Fundamental Theorem of Affine geometry let $X,X’$ be two finite dimensional affine spaces over two fields $K,K’$ of same dimension $d\geq 2$, and let $f:X\to X’$ be a bijection that sends collinear points to collinear points, i.e. such that for all $a,b,c\in X$ that are collinear, $f,f,f$ are collinear too. Then $f$ is a semi-affine isomorphism.

This means that there is a field isomorphism $\sigma:K\to K’$ such that for any point $a\in X$ the map induced by $f_a: X_a\to X’_$ is a $\sigma$-semi-linear isomorphism.

Fundamental Theorem of Projective geometry let $P,P$ be two finite dimensional projective spaces over two fields $K,K’$ of same dimension $d\geq 2$, and let $f:P\to P$ be a bijection that sends collinear points to collinear points. Then $f$ is a semi-linear isomorphism.

What are some applications of this? I remember that you can use the projective verion of this to prove that any automorphism of $SO$ is given by conjugation with some orthogonal matrix. Are there some other beautiful applications?

In the time since I asked this question I have tried to find some applications of this. If one wishes to apply this theorem one needs to be in a situation where there naturally arise lines. I thought of two such situations:

Recommended Reading: Where Does Psychology Focus Its Attention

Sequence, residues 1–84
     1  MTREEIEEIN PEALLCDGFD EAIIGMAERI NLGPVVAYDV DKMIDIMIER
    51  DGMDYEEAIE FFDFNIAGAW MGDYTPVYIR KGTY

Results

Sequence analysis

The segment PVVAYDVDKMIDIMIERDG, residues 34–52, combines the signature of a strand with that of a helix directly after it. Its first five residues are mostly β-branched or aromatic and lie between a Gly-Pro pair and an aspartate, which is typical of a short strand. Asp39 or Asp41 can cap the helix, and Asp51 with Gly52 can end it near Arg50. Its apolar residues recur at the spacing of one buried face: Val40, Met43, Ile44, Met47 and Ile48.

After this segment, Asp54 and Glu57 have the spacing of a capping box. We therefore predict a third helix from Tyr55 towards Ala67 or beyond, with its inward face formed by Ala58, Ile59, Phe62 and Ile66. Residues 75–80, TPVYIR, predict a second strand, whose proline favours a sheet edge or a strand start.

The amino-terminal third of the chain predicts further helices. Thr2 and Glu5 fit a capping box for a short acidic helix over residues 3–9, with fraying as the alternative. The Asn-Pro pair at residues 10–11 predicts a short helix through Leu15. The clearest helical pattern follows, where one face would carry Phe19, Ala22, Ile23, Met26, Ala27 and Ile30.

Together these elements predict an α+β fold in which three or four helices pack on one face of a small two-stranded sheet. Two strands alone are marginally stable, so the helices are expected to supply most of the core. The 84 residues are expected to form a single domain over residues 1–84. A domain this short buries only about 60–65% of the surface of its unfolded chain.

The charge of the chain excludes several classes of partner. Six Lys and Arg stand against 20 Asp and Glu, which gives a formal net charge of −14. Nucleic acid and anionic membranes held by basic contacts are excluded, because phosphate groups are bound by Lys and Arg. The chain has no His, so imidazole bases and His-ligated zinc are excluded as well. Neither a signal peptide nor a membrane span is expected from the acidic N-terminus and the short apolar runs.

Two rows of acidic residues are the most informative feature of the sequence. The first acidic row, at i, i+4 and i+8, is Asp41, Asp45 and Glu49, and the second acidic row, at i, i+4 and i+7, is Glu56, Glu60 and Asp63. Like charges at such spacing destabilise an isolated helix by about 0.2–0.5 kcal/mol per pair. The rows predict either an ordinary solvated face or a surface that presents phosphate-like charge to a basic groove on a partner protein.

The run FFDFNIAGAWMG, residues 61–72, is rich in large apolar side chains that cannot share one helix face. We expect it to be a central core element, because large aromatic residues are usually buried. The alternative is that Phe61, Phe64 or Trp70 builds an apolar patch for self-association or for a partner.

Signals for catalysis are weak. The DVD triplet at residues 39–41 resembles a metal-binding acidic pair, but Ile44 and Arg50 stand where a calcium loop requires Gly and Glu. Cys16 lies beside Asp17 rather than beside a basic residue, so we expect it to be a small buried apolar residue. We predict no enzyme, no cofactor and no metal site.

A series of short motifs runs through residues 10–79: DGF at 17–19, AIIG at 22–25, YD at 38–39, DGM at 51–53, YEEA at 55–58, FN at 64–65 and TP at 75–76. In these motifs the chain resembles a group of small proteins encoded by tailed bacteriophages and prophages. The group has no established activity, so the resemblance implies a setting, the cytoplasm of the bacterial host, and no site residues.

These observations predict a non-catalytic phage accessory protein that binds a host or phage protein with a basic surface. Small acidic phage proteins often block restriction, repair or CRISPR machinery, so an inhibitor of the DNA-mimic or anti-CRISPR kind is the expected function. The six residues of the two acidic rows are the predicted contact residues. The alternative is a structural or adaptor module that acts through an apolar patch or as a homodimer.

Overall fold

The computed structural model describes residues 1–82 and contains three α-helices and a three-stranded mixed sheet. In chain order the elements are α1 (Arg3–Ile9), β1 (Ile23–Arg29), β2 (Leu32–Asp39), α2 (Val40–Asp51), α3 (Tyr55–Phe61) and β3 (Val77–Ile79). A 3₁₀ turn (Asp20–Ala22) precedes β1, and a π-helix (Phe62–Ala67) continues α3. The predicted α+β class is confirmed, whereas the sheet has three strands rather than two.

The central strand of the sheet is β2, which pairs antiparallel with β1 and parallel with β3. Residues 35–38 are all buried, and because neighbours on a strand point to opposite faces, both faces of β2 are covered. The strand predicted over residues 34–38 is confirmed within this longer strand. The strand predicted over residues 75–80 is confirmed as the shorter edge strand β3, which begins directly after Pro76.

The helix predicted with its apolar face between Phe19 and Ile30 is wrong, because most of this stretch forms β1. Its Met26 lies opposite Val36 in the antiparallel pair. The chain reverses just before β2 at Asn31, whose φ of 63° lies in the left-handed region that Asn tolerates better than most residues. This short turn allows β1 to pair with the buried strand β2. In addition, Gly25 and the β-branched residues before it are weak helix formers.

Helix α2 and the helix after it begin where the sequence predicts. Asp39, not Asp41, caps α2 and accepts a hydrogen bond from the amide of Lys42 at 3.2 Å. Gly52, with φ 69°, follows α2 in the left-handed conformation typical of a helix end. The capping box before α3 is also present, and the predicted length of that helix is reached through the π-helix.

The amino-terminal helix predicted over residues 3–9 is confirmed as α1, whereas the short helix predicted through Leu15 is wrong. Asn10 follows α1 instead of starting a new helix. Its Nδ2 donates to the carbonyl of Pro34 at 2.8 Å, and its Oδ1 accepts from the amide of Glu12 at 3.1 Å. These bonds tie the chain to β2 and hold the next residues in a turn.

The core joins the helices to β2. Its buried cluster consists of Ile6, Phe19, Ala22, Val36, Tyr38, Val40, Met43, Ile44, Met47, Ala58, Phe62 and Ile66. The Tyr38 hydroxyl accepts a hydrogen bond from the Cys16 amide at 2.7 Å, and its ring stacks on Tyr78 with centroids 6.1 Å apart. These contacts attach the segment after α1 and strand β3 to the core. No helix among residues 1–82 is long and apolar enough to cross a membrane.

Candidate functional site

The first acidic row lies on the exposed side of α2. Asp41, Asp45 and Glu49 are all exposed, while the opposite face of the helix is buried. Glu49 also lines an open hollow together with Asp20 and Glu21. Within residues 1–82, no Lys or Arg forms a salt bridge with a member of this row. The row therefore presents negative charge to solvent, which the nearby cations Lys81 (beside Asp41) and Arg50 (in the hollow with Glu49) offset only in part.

The Fundamental Theorem Of Affine Geometry In Regular L0

be a probability space and L the algebra of equivalence classes of real-valued random variables defined on is said to be regular if x = y for any given two elements x and y in M such that there exists a countable partition { is the characteristic function of A A n its equivalence class. The purpose of this paper is to establish the fundamental theorem of affine geometry in regular L -modules such that V contains a free L -submodule of rank 2, if T is stable and invertible and maps each L -line segment, then T must be L

Theorem \ Fundamental Theorem Of Affine Geometry

Rotation Matrix Formula

Suppose an affine transformation maps a nondegenerate triangle \ to a triangle \. Then \ is nondegenerate, and


Since an affine transformation maps lines to lines, the triangle \ is nondegenerate.

If \ or \, then the second statement follows directly from the proposition. Otherwise consider points \ and \ defined by